Although SARS did not claim a large number of lives, it changed the way the world responds to global spread of infectious diseases. Like today’s COVID-19, SARS was caused by the coronavirus, and was spread much like the common cold, through close person-to-person contact and respiratory coughs and sneezes.
In November of 2019, I managed to tear the Achilles Tendon in my (again) left leg and while that was getting better, I somehow ruptured the tendon in my other leg in late February 2020 and have been wearing an orthopaedic ‘moon’ boot ever since. So this recent COVID-19 pandemic, of which I took a fairly unalarmed view initially until my nursing daughter compared it to the Black Death, has once again passed me by as I am house-bound, barely able to hobble around the house and garden. Nevertheless, the extraordinary lock-downs and social isolations the world is experiencing, the incredible impact the pandemic is having on people’s lives and livelihood, the mounting loss of life worldwide and the ever increasing restrictions on daily life imposed by governments in an attempt to stem this tide of disease, death and destitution is impacting upon us all.
Home isolation is easy for me now, crippled temporarily as I am, as are the other restrictions but I wonder how well I will cope once I am mobile again.
Throughout history, there have been tumultuous waves of change (The Flood?) – from the wave of agriculture that transformed the world from that of hunters and gatherers to that of the industrial and later technological and communicative waves that revolutionised the way we live. Other waves too, of mass emigration for example, which so recently threatened to overwhelm Europes’s borders, have threatened to swamp us, ever since the first people left the Rift Valley in Africa and set out to people the world, and the barbarians broke through the natural frontier of the Rhine to bring about the demise of the Roman Empire in the fifth century but, like all waves, pandemics too typically slow and come to an end on their own, though the process may be accelerated through effective preventive strategies, such as the measures world governments are putting in place right now.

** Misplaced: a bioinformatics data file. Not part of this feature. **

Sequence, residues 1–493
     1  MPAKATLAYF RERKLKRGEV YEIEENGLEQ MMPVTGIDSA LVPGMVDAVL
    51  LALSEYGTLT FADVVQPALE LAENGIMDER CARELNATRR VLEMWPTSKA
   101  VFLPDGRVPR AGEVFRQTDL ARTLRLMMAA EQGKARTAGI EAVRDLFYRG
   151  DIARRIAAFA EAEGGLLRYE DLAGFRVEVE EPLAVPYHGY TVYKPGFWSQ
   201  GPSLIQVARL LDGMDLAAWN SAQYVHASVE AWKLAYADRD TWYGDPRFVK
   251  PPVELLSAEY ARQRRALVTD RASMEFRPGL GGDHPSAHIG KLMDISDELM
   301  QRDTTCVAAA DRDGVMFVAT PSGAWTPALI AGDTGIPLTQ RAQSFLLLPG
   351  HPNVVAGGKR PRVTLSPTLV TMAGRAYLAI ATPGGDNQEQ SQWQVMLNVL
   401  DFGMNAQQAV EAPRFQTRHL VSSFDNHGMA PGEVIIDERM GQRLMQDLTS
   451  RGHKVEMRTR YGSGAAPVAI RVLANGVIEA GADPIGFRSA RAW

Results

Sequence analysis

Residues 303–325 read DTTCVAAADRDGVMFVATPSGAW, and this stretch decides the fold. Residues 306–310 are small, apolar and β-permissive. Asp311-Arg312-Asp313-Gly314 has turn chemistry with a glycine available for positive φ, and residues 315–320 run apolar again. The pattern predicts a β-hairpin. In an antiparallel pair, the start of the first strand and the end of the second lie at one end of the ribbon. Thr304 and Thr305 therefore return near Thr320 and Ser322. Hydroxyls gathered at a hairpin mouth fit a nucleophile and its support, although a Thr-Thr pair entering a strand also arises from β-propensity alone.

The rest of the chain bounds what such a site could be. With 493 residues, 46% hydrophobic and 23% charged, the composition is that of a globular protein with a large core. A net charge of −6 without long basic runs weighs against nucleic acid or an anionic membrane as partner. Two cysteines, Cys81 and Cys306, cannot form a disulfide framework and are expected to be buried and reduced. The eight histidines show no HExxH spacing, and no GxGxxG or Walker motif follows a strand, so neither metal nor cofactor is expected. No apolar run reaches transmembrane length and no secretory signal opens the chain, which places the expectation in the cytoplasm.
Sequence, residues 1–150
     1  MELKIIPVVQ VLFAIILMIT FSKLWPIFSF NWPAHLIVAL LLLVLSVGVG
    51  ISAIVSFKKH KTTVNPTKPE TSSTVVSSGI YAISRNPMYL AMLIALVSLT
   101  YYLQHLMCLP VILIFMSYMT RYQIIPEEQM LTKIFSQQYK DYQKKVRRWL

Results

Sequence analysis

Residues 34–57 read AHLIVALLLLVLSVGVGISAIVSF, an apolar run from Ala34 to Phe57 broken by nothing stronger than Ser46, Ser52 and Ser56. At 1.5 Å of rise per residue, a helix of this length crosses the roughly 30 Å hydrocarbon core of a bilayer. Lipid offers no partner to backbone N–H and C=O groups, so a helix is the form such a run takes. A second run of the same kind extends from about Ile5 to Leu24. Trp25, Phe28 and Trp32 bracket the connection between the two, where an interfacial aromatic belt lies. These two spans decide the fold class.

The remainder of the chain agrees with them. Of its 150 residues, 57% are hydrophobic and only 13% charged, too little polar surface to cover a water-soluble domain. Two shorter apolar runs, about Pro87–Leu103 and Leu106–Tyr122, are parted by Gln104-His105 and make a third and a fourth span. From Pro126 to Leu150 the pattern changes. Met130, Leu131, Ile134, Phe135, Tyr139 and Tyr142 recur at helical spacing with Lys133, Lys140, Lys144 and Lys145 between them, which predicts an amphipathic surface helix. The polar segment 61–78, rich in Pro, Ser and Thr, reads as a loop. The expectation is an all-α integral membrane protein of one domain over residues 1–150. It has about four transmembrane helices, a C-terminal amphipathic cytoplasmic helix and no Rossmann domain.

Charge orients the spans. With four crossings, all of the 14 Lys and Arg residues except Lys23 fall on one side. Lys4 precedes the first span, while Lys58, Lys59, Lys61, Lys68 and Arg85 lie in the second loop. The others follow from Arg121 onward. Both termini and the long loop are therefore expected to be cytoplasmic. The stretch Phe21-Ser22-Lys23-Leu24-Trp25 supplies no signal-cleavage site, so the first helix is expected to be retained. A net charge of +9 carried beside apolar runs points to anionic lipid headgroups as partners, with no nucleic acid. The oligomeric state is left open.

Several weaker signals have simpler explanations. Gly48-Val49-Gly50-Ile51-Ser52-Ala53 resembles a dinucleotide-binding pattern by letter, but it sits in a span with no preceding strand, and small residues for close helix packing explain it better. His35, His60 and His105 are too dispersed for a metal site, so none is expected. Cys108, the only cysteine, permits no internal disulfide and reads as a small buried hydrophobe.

So, in the words of, I think, Winston Churchill, ‘if you are going through Hell, don’t stop, keep going’ and, above all, stay safe and well.
Well, it is that time of year again – Saint Patrick’s Day – March 17 – and for those who don’t know, Saint Patrick is the patron saint of Ireland, who, it is believed, brought the Christian faith to the far flung western isle 1,588 years ago.
Celebrating everything Irish all over the world with parades, music and food, this year the Irish Government has formally cancelled all parades and public gatherings in the interest of public health and safety due to the coronavirus pandemic. A similar thing happened nineteen years ago when the annual parade was cancelled due to the outbreak of the highly infectious foot and mouth disease.
As usual, St. Patrick’s Day occurs halfway through the Christian Lenten period before Easter – a time traditionally when many practising Christians would voluntarily give up something – as kids it might have been lollies, sweets and candies, later as adults, cigarettes, milk in the tea or coffee,alcohol and so on. But then along comes St. Patrick’s Day (yippee!) and all bets are off. Recognised by the church as a holy day of obligation, the feast day had a special dispensatory clause which allowed all fasting people to resume their ‘vice’ for that day only – hence the widespread popularity of the day which led to widespread drunkeness and debauchery in some cases! Not that I know anything about that, of course.